The poem was published in some literary anthology... my copy lost long ago. I remember there was someone who commented on my poem; it was a "moving commentary on being lost in the depths of despair," (or something similar). Huh? Where did they get that? It's just some imaginary fly trapped in a bottle. I was angry that this unknown person was making this assumption of the meaning of my poem -- how dare he/she?!? I put the anthology away, as well as my copy of the poem. Stupid Literary Experts.
I stumbled across that poem a few years later, and read it with a more experienced eye. I teared up while reading each line... it turned out the Literary Creep was right. It wasn't just about a fly scrambling to climb out of its trap, and getting more and more weary at each attempt. It was me. I was the fly. And I had just started to explore my own prison when I wrote the poem... and it would be years before I would crawl my way out.
My prison was just like the bottle: clear, yet objects were distorted when looking through; it appeared safe in its solitude, maybe no one would notice the tiny fly struggling inside (which is what was most desired); it was ordinary, everyone felt like they were trapped in their own bottle... didn't they...?
The most amazing words anyone ever said to me were, "Not everyone feels like you do, Hope. And you don't have to." I focused on those words for years to come. They were my one beacon of light to swim towards. Those words kept me going through the nausea, the tremors, the hair loss, the weight gain. There was only one side effect that almost kept me from continuing with my trial-by-error experiments to dissolve the glass walls: the loss of my art.
I grew up a little artist. Watercolors, crayon, pencil... anything I could get my hands on to create freeze-frames of the beauty I saw around me. And writing, glorious writing! Essays, short stories, poetry, research papers... I loved writing anything at all! And it was so easy! I would just sit at a piece of paper and the words would just pour out onto the paper (later they would pour through my fingers onto the keyboard)! I would wake up in the middle of the night with a story or a poem that just had to come out! Once it was on paper, it was perfect. No editing necessary. I struggled with many an English professor that would try to get me to change anything about my writings.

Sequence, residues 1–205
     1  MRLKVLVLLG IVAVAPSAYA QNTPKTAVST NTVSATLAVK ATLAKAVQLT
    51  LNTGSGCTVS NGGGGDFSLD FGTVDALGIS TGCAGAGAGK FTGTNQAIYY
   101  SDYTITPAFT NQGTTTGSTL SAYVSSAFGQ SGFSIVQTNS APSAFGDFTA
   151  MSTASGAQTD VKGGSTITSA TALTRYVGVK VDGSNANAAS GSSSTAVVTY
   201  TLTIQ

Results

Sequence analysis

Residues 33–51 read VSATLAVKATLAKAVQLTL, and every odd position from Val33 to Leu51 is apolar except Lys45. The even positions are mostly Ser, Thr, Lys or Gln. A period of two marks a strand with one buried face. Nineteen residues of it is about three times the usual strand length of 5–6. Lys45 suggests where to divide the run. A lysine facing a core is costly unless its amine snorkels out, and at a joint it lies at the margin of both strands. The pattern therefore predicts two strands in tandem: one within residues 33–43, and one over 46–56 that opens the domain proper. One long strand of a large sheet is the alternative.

I was going to be a Writer. I wanted to work for a magazine like The New Yorker. It was the only thing I truly loved to do, and had to do. The words would keep my up at night if I didn't let them out on the paper next to my bed.
Then, suddenly, the words were gone. They were replaced by emptiness. I would sit in front of a blank screen and wait for the familiar movements while my heart communicated with the computer via my fingers. My fingers were still. I was still able to write good research papers for classes, but the wonderful little characters that inhabited my world had suddenly walked away. The glass wall was a little thinner, but the world outside seemed lifeless.
I begged the Experimenters to change their formula -- give me back my passion! I was told that sometimes this was an unfortunate side effect. So sorry. Deal with it. And I decided to leave my talent behind in the bottle. I have finally made it through the despair and anguish; and it was almost worth it...
Eleven years have gone by since then. And I'm hoping that I can coax the little writing girl inside to come out and play.